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Authors: Ding, Xiang
Advisors: Kiyotaki, Nobuhiro
Department: Economics
Class Year: 2013
Abstract: Why does US unemployment continue to be high more than three years after the financial crisis? This paper argues that frictions in labor and credit markets together with heightened uncertainty prevent firms from creating many jobs. Estimated multivariate SVARs reveal that aggregate firm-related variables - vacancies and layoffs - respond significantly to shocks in the corporate credit spread and stock index uncertainty. Panel data shows that credit constraints lower employment levels through firms' short as well as long-term debt structures. The negative credit effect is stronger for debt-heavier firms and more visible during recessions. Firms also reduce employment in the face of higher idiosyncratic volatility in sales growth across all periods and sizes. To quantify these observations, the paper develops an extension of the search-and-matching model with heterogenous firms, time-varying credit frictions, and uncertainty shocks. A crucial feature of the model is an unemployment accelerator led by the co-determination in credit and uncertainty. Conservative calibrations of credit and uncertainty are enough to amplify and prolong deviations in the unemployment rate. The extension outperforms the standard search-and- matching model by capturing greater unemployment volatility as well as accounting for more than one-third of the unemployment gap since 2010.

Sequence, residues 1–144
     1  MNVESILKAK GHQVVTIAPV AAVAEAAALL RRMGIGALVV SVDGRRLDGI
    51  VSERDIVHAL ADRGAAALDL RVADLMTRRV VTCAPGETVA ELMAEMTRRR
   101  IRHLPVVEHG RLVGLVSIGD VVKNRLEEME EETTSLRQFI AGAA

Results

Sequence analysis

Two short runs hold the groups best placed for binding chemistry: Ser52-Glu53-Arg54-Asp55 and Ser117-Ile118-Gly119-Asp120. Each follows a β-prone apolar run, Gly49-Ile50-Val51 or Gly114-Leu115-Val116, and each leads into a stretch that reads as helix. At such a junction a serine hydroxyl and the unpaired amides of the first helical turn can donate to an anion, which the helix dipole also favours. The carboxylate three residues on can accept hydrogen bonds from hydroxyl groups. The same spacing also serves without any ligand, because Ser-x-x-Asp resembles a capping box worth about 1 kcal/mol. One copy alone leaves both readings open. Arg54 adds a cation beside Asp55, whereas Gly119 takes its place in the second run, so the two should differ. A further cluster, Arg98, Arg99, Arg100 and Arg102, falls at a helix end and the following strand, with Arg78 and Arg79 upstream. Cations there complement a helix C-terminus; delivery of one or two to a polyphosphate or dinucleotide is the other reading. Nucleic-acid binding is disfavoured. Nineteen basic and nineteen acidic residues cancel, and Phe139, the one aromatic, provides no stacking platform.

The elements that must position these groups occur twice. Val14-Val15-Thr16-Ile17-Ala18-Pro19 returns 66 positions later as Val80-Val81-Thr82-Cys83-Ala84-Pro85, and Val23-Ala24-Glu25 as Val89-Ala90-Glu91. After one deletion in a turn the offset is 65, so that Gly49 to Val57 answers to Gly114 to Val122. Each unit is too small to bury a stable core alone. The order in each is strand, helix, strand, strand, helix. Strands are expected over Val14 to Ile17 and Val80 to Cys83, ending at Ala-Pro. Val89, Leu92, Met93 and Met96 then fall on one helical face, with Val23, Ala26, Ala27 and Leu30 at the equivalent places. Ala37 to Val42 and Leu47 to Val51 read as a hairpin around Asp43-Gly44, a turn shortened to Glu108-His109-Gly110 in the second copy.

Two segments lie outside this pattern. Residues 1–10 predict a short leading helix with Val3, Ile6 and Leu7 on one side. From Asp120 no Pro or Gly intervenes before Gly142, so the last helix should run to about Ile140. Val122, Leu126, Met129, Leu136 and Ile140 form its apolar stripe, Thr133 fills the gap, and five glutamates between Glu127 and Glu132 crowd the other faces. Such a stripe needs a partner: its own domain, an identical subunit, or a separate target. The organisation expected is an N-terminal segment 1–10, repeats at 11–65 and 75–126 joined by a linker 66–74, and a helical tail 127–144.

Extent: 115 pages
Access Restrictions: Walk-in Access. This thesis can only be viewed on computer terminals at the Mudd Manuscript Library.
Type of Material: Princeton University Senior Theses
Language: en_US
Appears in Collections:Economics, 1927-2017

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